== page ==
Locke asks Sawyer if he wanted to know how it was that he was inhabiting the body of his deceased acquaintance and Sawyer shrugs. He doesn’t care. Which is nice because finally someone did it and I knew it was going to be him. The godhand of the series has thrown just about everything at them from actually moving the Island from one place to another with no notable change in climate, time travel, a crazy black pillar of smoke that kills people, to it’s unwillingness to allowing certain people to die, and yet in the long run people still get surprised, which is ludicrous.

Not to say that they shouldn’t be awed by something like an old clipper ship on the top of a mountain, or lack an expression of wonderment at the odd sighting of a polar bear on a tropical island, or the fact that certain people seem to be stuck at the same age no matter what the year but surprise is the realization of the unexpected. At this point in the series, the main characters or any of the other supporting characters shouldn’t be clinging to any notions of a fixed reality that existed before they first landed there.

The things that should surprise them are when the dead stay dead or if what appears to be a huge coincidence is actually a huge coincidence and not the machinations of some group or demi-god like person.

This season, being the last, is bound to disappoint. I don’t say this with hope laden spite, in fact I do wish it to be one of the few times that I am wrong. Since the series has pretty much ended any chance of a cop out time loop ending, answering the mysteries without adding to them is going to be a let down for the people that have been following this show since the beginning. This is going to be like the Seinfeld finale, the expectations are so great that it must fail…which is why I never saw the Abrams produced Cloverfield. Again, though, hopefully I am wrong about this but in the waft of my mind I can’t even begin to guess what a satisfactory ending would even look like. Then again, maybe that’s a good thing.

Categories: reviews, television review

Lost?

May 21, 2009 Leave a comment

In 2003, James Foley released a movie called “Confidence,” it didn’t do well at the box office but it received some critical acclaim. Enough to warrant an interview on NPR, and with some news agencies which basically relegated it to the category of “things I’m supposed to like but will never watch/read/hear.” I recommend the movie as it has good acting, a great story, and nice cinematography.

The reason I bring the movie up is because director James Foley said in one of those interviews that, “you can’t cheat your audience.” In other words, if there is a mystery or a secret or a con (the movie is called Confidence) that the audience should be able to piece it together. The story shouldn’t rely on a deus ex machina to come in and fill up the plot holes. For instance, if Keyser Soze in “The Usual Suspects” turned out to be some character we never met in the film or some character that we saw die that would be bullshit. Instead, rewatching the movie you can see subtle clues that become obvious when you know the ending. Same thing with Fight Club. Or take a movie that violates the rule: The Fast and the Furious (the original).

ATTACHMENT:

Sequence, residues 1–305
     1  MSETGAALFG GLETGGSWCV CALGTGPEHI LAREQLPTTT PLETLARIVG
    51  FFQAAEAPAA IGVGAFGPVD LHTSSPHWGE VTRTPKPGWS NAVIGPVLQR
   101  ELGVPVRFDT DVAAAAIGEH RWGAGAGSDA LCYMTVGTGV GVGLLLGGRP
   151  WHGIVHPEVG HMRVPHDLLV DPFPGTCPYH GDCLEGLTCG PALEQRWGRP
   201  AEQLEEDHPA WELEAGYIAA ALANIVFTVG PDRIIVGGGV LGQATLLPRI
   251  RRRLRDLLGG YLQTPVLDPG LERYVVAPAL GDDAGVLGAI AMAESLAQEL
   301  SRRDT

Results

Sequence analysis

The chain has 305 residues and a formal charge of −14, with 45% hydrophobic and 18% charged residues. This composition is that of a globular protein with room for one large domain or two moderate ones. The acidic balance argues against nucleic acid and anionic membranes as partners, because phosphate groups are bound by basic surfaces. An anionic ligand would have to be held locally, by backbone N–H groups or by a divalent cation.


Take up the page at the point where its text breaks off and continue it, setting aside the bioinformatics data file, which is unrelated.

In that movie, Paul Walker is trying to locate a group of hijackers among the street racing underground. The entire movie points to the Japanese gang, in fact you would have to be an idiot not to think it: they have a warehouse full of electronics, all of their cars are easily the most expensive, and they carry around silenced submachine guns. Are they the carjackers? No, Vin Diesel and crew are, a point that is completely out of the blue as they work at a garage (thus can afford their vehicles which aren’t too fancy) and own a restaraunt.

What’s the point of this tirade? The plot reveal in the season finale of Lost was complete bullshit. Spoiler Alert although you have had a week and if you cared you would have seen it by now.

Ever since we were introduced to the idea that Benjamin Linus was taking orders from someone named “Jacob,” we have wondered who he was. We have also wondered why it was that Richard never seemed to age, and also how Locke came back from the dead (Of course they also through the red herring of calling him “Jeremy Bentham,” which turned out to be completely inconsequential). All of this stemming from the mysterious Jacob. Then there was also the complete mystery of the giant stone foot and why it only had four toes.

The genius of Lost is that it throws out questions that seemingly have no answer. Yet, all the big questions have answers that seem to tie in to someone or some event in the already established plot. Then we meet Jacob, worse than that we meet his rival…and we see the full statue of the Egyptian god Sobek (at least I think, I couldn’t tell if it was a Jackal head or a crocodile head I’m going with the latter). Jacob is marked for death, but for some reason his rival can’t kill him he needs to work around the rules searching for loophole. Locke wasn’t Locke, he was the other guy, something that doesn’t make any sense and is completely out of the blue, much like the Eagles in Tolkien.

I’m glad the next season is the last season, because it means that nothing new can be added in order to frustrate the viewer who puts moderate thought into figuring out the puzzles. I guess it means that Claire and Jack’s father are gone gone, which was a pretty big “clue” that we were cheated into paying attention to. I suppose the next season will end with Osiris reading the book of the Dead.